A Statistically Representative Climate Change Debate

John Oliver shows a fairer representation of both sides: 97 scientists versus three climate change deniers.
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Climate change is real. It's real. It's real. It's real. We can hardly go a week without new terrifying stories of its effects. Just yesterday, scientists reported that the West Antarctic ice sheet has begun to melt. "There's nothing to stop it now," NASA scientist Thomas P. Wagner said.

The United Nations has also said there's nothing we can do to stop it, we can only decide how to deal with it. And yet rather than discussing possible coping strategies, we continue to argue over its existence, perhaps partly because the "debate," at least on TV, is always framed as one climate change denier versus one scientist. John Oliver pointed this out during his discussion of the White House's recent climate change report on Sunday's episode of Last Week Tonight, also noting that the scientist in question is frequently Bill Nye, renowned Science Guy and CEO of the Planetary Society.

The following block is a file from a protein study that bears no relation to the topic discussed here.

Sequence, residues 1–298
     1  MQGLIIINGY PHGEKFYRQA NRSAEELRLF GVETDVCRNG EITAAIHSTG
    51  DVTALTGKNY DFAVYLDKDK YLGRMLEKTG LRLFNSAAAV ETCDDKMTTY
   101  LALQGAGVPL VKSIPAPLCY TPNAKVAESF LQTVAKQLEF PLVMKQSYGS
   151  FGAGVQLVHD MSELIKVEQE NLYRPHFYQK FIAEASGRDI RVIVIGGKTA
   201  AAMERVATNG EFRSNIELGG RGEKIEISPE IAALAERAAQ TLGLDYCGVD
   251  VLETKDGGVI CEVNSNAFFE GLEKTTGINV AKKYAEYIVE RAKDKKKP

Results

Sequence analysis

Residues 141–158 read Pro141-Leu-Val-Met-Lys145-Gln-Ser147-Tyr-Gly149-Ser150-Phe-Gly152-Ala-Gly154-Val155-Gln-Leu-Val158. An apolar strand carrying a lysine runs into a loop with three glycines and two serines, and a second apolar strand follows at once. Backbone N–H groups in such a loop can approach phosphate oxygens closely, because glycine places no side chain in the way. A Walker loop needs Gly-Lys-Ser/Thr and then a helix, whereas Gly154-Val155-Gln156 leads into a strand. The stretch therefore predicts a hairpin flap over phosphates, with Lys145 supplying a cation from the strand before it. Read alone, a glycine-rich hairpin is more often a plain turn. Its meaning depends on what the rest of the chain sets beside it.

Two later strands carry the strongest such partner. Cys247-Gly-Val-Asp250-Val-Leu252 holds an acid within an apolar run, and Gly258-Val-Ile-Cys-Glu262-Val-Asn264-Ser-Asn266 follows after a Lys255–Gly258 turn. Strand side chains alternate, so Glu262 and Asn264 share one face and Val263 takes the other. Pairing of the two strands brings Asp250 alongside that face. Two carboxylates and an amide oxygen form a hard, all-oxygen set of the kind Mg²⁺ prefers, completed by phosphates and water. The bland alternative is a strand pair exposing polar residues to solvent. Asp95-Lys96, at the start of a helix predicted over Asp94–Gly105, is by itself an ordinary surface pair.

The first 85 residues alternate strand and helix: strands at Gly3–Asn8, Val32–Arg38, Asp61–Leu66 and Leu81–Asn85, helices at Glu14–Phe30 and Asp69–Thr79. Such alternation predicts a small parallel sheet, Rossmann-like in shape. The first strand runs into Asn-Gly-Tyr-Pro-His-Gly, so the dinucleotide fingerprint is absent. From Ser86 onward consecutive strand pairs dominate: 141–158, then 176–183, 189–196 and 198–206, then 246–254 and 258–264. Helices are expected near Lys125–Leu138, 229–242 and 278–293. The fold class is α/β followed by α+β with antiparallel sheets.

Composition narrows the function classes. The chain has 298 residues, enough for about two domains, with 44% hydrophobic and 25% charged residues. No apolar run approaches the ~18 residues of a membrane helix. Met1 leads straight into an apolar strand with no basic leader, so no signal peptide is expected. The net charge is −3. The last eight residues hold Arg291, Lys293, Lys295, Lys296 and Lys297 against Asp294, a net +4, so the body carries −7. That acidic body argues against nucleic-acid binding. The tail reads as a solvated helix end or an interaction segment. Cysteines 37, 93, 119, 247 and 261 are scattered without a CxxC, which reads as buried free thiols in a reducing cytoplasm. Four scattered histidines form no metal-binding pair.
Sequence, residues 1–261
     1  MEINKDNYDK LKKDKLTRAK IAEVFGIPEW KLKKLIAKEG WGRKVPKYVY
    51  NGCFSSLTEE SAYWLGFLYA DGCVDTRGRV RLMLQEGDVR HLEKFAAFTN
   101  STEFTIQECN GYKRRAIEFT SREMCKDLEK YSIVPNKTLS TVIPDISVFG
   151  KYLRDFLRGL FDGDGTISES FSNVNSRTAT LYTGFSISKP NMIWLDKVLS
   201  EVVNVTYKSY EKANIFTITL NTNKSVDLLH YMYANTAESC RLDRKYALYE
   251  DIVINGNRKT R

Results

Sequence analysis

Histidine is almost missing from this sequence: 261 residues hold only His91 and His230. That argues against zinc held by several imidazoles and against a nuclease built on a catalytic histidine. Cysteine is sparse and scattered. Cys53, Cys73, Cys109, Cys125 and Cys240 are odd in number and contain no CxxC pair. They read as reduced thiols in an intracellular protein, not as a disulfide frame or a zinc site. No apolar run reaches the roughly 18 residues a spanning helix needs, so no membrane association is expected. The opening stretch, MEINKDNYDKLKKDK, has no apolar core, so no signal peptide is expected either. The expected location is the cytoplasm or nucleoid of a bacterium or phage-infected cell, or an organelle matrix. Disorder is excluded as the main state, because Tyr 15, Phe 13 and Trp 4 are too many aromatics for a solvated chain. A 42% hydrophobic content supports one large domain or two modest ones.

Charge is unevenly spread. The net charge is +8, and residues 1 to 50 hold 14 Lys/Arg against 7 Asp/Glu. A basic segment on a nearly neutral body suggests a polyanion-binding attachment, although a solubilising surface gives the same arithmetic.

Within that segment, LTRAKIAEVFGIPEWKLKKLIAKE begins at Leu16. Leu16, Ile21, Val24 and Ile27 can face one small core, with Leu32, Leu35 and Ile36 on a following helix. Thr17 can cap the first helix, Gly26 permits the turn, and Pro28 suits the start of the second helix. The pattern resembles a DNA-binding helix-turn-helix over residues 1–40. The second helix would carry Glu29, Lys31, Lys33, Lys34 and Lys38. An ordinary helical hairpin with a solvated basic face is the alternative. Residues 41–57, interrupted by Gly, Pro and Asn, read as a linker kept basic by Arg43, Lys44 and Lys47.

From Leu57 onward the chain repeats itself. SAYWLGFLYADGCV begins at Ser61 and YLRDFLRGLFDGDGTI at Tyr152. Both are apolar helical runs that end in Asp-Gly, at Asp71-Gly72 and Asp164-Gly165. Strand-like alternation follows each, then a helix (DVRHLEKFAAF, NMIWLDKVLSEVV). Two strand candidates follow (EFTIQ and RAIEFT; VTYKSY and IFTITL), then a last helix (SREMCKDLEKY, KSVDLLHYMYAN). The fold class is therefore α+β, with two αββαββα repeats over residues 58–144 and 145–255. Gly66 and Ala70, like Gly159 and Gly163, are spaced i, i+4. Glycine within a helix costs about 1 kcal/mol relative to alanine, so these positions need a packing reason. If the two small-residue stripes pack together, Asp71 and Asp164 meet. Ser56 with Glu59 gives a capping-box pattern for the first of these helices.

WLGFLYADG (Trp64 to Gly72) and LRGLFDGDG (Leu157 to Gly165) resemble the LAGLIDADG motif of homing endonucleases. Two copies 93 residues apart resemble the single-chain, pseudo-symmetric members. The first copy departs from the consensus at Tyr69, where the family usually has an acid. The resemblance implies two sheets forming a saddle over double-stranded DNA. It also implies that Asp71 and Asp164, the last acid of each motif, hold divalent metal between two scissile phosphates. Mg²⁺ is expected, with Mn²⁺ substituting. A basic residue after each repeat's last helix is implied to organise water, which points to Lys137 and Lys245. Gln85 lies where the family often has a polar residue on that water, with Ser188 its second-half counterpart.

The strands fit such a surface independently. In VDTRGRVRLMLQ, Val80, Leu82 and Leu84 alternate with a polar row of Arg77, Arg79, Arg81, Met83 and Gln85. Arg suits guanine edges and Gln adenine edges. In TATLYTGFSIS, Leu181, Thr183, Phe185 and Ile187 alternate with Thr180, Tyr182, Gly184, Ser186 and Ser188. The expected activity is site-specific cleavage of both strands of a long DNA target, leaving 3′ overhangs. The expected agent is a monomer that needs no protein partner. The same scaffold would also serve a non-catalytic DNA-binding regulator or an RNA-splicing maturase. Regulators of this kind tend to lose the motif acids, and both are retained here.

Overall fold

But if you look at the science, rather than just asking people on the street if they believe in global warming, it's not a 50/50 debate between two sides. It's more like 97 percent to 3 percent. And so, in the interest of fairness, of showing the two sides as they really are, Oliver invited the classic pair of Bill Nye and a climate change denier, as well as two more deniers and 96 more scientists, to round it out. This is how the debate went:

"It's a little unwieldy," Oliver said, "but this is the only way we can actually have a representative discussion."

The "overwhelming view of the scientific community" involved a lot of yelling and waving of files, leading Oliver to tell the denier: "I can't hear you over the weight of scientific evidence." 

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Julie Beck is a senior associate editor at The Atlantic, where she oversees the Health Channel.

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